In the Shadow of Mahatma: A Grand-daughter Remembers by Sita Gandhi Sita, Mahatma Gandhi's grand-daughter recounts with charming detail her childhood years at Phoenix Settlement, the farm which Gandhi started in South Africa. Her account provides a striking glimpse of the challenges faced by Gandhi's South African family in continuing his legacy. The longest surviving Indian newspaper of South Africa, the Indian Opinion was produced from the Phoenix Settlement where Sita worked.
Sita recalls encounters with racial discrimination. She also recalls her joys of growing up in Phoenix, and her time in India including a stint in Benaras Hindu University. We see from the eyes of one of the first of Indian-South Africans her reactions when she came to Indian from South Africa.
Gandhiji's letters to Sita and her parents form the second half of the book. The letters provide an extraordinary insight into Gandhi, the grandfather. Even as he was engaged in discussions with the British and with Indian political leaders in the Congress and the Muslim League, he found time to write short notes to his family members.
Gandhiji's life came to an abrupt end a little after India's independence. With that Indians lost their most charismatic leader ever. And the living links were nearly lost with South Africa where another spectacular movement of justice was to unfold."Read More...Hide Pages: 128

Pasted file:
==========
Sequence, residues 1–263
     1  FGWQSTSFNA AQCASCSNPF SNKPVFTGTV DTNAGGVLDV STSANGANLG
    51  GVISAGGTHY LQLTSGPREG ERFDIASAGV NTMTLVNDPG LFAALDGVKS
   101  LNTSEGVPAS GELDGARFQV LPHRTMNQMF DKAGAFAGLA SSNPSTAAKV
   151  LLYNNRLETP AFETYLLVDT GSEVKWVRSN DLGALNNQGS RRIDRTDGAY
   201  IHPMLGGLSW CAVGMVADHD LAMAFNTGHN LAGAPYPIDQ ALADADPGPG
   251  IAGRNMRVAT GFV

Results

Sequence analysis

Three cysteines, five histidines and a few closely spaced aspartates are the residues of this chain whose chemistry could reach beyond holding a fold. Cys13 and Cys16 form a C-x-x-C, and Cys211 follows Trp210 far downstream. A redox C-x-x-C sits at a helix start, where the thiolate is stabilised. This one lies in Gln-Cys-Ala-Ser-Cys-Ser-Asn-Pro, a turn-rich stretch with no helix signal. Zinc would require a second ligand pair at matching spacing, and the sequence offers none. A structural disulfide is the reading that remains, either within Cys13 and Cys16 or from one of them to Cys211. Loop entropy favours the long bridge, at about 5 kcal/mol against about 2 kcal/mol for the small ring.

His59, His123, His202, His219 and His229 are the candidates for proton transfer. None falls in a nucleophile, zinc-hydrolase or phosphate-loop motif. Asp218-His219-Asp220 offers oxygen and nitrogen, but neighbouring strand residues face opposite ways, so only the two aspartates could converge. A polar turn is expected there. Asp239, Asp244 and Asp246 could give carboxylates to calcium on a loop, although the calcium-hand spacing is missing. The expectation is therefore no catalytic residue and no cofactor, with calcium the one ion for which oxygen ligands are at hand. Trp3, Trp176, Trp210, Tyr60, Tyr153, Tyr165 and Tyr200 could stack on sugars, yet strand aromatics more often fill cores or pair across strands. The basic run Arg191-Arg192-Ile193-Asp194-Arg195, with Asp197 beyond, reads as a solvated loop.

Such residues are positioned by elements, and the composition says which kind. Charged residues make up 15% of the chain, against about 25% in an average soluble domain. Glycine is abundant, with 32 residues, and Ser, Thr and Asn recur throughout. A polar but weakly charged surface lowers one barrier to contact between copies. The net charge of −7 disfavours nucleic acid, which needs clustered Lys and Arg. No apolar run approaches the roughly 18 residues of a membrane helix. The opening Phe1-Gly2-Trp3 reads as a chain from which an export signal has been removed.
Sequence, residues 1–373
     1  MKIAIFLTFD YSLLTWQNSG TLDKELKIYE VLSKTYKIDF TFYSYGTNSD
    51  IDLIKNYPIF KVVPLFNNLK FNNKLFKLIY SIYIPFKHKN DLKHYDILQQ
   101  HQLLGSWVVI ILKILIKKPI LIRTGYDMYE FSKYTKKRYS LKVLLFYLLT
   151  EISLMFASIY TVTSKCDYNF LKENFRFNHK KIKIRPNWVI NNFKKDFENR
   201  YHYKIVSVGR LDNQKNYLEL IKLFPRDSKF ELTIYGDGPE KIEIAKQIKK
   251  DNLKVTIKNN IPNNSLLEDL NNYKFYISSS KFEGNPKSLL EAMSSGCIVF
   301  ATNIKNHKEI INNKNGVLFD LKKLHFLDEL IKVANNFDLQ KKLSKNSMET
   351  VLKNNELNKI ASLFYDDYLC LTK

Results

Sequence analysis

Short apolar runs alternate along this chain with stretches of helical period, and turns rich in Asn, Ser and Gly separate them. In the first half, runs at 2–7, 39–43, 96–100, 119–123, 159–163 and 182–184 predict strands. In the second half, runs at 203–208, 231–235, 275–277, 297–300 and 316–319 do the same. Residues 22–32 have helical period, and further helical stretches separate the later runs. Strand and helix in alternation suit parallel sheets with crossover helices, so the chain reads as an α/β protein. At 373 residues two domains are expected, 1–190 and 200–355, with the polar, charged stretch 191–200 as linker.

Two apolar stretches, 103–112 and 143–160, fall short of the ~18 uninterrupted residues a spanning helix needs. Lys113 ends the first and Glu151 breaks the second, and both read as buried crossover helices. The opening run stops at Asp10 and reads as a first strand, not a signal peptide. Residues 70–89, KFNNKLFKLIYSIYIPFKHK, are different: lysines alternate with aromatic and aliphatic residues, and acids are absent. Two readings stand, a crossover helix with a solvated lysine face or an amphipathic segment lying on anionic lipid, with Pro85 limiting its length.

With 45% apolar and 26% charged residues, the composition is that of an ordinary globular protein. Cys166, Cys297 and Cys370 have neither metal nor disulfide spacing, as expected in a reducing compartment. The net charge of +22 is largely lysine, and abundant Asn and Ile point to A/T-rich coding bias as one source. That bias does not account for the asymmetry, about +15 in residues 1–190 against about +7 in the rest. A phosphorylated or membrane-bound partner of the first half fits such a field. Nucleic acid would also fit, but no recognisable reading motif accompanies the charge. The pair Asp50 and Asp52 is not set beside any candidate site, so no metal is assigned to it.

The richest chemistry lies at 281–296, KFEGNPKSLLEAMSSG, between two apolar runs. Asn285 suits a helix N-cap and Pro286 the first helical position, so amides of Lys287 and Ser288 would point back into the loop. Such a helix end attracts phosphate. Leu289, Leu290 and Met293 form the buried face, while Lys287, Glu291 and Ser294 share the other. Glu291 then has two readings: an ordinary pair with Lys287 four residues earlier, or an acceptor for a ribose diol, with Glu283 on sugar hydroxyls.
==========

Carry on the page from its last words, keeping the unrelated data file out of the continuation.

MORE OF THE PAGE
Learning from Gandhi by Anu Bandyopadhyaya Lawyer, tailor, cobbler, cook- and dozens of other jobs as well-Mahatma Gandhi did them all. No work was too low, no occupation too disdainful. Even the simplest of labours was carried out with humour, passion, care and zest. And to perfection. This is the reprint of an ancient classic on Gandhiji who always promoted the view that learning involves not just the head, but the heart and the hand as well.What better role model for this than the most influential individual of the twentieth century.Read More...Hide Pages: 142
The Funda of Mix-ology-What bartending teaches that IIM doesn't.... by Mainak Dhar The Funda of Mix-ology is a novel about a young man who is not unlike many of us. After spending his youth in the pursuit of academic excellence and admission into the 'right'institutes, he joins a multinational firm after graduating from an IIM.A few years down the line, once the sheen of Day One jobs and hefty pay packets has worn off, he realizes that nothing he has learnt at IIM can prepare him for the stress and drudgery that characterize his day-to-day life.